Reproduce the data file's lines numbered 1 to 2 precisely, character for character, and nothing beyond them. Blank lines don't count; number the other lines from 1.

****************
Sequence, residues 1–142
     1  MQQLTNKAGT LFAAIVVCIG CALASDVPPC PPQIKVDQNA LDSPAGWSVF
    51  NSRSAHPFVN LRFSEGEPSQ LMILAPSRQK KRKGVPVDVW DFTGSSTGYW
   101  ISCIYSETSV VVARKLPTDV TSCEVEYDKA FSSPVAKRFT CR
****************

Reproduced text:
Sequence, residues 1–142
     1  MQQLTNKAGT LFAAIVVCIG CALASDVPPC PPQIKVDQNA LDSPAGWSVF